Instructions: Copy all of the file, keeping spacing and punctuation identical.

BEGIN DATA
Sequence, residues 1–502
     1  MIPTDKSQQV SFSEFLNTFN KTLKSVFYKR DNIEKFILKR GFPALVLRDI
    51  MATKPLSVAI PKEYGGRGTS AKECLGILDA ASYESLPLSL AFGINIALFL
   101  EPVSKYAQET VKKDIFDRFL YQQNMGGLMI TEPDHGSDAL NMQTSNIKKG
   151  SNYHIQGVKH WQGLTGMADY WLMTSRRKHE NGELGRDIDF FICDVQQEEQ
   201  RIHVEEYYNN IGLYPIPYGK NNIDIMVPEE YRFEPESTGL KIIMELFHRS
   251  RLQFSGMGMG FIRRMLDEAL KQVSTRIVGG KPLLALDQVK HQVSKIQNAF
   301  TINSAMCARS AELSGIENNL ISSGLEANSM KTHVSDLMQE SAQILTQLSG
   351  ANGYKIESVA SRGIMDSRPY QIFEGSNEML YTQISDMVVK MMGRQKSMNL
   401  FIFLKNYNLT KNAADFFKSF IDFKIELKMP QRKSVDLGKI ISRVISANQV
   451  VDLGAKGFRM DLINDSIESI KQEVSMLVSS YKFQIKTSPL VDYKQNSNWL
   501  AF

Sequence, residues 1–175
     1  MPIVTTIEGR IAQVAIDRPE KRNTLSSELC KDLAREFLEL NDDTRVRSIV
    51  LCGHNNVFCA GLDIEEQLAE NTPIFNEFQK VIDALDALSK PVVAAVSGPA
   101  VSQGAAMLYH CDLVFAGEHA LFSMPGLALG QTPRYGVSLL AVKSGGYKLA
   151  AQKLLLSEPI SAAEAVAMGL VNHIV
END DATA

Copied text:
Sequence, residues 1–502
     1  MIPTDKSQQV SFSEFLNTFN KTLKSVFYKR DNIEKFILKR GFPALVLRDI
    51  MATKPLSVAI PKEYGGRGTS AKECLGILDA ASYESLPLSL AFGINIALFL
   101  EPVSKYAQET VKKDIFDRFL YQQNMGGLMI TEPDHGSDAL NMQTSNIKKG
   151  SNYHIQGVKH WQGLTGMADY WLMTSRRKHE NGELGRDIDF FICDVQQEEQ
   201  RIHVEEYYNN IGLYPIPYGK NNIDIMVPEE YRFEPESTGL KIIMELFHRS
   251  RLQFSGMGMG FIRRMLDEAL KQVSTRIVGG KPLLALDQVK HQVSKIQNAF
   301  TINSAMCARS AELSGIENNL ISSGLEANSM KTHVSDLMQE SAQILTQLSG
   351  ANGYKIESVA SRGIMDSRPY QIFEGSNEML YTQISDMVVK MMGRQKSMNL
   401  FIFLKNYNLT KNAADFFKSF IDFKIELKMP QRKSVDLGKI ISRVISANQV
   451  VDLGAKGFRM DLINDSIESI KQEVSMLVSS YKFQIKTSPL VDYKQNSNWL
   501  AF

Sequence, residues 1–175
     1  MPIVTTIEGR IAQVAIDRPE KRNTLSSELC KDLAREFLEL NDDTRVRSIV
    51  LCGHNNVFCA GLDIEEQLAE NTPIFNEFQK VIDALDALSK PVVAAVSGPA
   101  VSQGAAMLYH CDLVFAGEHA LFSMPGLALG QTPRYGVSLL AVKSGGYKLA
   151  AQKLLLSEPI SAAEAVAMGL VNHIV